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Hoffmann, R. A wiki for the life sciences where authorship matters. Nature Genetics (2008)

The binding of tissue-specific adhesive molecules to the cell surface. A molecular basis for specificity.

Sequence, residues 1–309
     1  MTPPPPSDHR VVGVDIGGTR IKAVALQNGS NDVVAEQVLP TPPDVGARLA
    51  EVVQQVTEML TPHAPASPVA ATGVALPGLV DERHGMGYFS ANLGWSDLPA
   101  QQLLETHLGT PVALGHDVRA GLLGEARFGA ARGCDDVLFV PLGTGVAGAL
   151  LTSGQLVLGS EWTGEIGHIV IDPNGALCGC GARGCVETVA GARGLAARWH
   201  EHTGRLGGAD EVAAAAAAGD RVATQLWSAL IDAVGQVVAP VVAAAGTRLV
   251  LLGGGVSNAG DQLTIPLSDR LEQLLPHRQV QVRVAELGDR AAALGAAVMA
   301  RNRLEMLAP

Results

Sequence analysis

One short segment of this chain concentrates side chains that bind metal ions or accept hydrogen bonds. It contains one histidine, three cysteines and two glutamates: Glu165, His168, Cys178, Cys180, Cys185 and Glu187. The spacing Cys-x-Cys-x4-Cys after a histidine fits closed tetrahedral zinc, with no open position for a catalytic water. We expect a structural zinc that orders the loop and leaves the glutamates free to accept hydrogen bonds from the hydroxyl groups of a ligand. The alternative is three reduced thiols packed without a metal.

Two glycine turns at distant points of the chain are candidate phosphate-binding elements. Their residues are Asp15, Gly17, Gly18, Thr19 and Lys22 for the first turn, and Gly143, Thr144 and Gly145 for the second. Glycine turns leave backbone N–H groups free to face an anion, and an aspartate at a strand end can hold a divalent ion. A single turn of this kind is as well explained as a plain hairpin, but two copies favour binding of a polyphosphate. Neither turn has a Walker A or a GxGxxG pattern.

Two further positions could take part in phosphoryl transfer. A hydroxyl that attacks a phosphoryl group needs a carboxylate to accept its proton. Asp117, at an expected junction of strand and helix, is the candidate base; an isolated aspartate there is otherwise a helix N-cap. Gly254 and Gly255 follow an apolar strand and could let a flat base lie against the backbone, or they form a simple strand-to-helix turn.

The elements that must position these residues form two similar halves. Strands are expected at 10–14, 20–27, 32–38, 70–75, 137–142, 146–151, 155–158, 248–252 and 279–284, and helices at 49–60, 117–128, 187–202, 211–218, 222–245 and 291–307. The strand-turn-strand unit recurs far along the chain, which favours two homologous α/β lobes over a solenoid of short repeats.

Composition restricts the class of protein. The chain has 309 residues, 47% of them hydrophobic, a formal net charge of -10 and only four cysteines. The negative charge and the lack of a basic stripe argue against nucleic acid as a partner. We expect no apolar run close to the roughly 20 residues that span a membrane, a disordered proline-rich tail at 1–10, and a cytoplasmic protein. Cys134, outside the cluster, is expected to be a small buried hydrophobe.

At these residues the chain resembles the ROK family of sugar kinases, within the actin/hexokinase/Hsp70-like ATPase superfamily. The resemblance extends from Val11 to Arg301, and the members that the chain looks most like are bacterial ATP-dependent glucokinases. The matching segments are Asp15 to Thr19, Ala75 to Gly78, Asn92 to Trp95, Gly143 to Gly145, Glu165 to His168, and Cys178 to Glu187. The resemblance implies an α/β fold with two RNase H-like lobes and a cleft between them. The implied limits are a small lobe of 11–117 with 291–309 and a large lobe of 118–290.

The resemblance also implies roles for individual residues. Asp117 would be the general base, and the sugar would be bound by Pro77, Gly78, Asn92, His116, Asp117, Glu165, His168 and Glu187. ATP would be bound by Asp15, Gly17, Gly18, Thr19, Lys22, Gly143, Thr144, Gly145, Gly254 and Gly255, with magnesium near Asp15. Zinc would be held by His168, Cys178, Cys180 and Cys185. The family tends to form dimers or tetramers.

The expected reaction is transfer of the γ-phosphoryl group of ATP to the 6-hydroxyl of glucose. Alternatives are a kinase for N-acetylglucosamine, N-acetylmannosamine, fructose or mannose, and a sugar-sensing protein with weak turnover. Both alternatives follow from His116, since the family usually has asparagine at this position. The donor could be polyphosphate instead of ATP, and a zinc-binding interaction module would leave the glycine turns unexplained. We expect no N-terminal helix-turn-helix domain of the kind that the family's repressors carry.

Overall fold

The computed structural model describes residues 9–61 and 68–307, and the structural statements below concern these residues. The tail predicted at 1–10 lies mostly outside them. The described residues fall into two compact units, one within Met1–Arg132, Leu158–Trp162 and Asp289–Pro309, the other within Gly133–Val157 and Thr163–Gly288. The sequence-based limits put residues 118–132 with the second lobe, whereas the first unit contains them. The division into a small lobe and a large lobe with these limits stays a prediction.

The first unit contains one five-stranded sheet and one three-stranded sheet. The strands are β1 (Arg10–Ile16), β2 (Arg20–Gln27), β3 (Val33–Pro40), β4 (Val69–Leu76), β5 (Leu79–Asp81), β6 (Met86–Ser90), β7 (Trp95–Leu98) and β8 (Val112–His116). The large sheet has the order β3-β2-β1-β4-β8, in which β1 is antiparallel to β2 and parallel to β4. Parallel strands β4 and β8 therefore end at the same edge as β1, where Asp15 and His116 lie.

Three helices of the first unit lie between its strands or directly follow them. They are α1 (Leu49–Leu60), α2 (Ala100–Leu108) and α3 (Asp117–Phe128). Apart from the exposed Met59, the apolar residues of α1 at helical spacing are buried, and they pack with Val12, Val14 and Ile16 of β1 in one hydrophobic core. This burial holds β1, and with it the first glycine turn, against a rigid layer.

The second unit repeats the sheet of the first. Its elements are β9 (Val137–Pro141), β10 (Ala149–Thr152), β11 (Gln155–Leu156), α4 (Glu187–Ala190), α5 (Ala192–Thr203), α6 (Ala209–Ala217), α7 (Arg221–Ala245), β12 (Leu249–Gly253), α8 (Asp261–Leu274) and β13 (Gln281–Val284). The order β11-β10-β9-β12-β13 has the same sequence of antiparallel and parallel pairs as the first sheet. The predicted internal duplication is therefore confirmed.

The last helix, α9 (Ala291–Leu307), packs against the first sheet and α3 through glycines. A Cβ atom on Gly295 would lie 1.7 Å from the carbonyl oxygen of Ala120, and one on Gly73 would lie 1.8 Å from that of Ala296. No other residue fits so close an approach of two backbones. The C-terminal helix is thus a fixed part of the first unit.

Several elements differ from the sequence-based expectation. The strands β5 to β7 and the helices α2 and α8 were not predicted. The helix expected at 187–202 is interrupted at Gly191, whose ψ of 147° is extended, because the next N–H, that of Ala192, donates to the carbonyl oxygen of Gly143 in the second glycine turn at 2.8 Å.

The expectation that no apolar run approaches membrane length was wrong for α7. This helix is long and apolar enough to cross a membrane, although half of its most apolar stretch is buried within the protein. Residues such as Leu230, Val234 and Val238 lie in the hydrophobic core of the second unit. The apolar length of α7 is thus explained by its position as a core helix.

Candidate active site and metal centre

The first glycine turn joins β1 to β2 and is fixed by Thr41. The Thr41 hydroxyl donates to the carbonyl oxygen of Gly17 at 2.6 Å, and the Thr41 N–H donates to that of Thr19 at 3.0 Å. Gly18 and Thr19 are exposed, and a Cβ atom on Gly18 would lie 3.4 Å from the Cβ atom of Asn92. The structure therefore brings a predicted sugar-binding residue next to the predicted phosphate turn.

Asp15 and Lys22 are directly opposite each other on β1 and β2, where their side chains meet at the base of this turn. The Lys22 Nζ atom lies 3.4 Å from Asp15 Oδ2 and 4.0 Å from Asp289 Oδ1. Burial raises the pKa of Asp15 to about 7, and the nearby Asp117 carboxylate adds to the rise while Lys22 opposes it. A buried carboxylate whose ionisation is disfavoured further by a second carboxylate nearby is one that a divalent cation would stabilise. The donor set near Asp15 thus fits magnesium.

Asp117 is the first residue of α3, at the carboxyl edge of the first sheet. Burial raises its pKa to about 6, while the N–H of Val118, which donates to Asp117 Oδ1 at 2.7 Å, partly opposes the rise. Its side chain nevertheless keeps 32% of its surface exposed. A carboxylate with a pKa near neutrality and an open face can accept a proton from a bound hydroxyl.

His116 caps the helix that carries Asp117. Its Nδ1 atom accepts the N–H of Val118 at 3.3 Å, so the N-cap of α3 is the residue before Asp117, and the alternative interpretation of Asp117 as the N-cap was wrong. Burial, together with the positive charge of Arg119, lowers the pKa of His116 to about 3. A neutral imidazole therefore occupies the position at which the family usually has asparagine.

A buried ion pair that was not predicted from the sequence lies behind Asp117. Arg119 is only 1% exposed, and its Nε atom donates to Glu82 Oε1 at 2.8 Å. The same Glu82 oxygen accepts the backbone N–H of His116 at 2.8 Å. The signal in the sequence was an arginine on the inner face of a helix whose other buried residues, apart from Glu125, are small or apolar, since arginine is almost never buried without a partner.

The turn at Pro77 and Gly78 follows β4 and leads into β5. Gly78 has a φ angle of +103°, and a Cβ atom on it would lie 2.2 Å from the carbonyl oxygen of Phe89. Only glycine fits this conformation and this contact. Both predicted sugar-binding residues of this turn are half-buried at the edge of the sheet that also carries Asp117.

Factors present in supernatants prepared from neural retina or cerebral lobe tissue cultures bind specifically to cells of the same type and promote cellular aggregation; the basis for the specificity of these factor-cell interactions has been investigated. Pronase digestion destroys binding of protein but not the carbohydrate portion of factors. Digestion with a mixture of protease-free glycosidases destroys both protein and carbohydrate binding. Purified beta-N-acetylhexosaminidase reduces binding of retina factor by 80%. The enzymatic activity which destroys binding of cerebral lobe factor to cerebral cells appears to be alpha-mannosidase activity. Further, paper chromatography of the enzymatic digestion products of the binding factors reveals that N-acetylgalactosamine residues are released from the retina factor while mannosamine residues are released from the cerebral lobe factor. Inhibition of binding of factors to cells by monosaccharides is consistent with the enzyme data. N-Acetylgalactosamine maximally inhibits binding of factor to retina cells while mannosamine inhibits factor binding to cerebral cells. These data suggest that the specificity of cellular adhesion is determined, at least in part, by the sequence of sugars in an oligosaccharide residue of a complex glycoprotein.[1]


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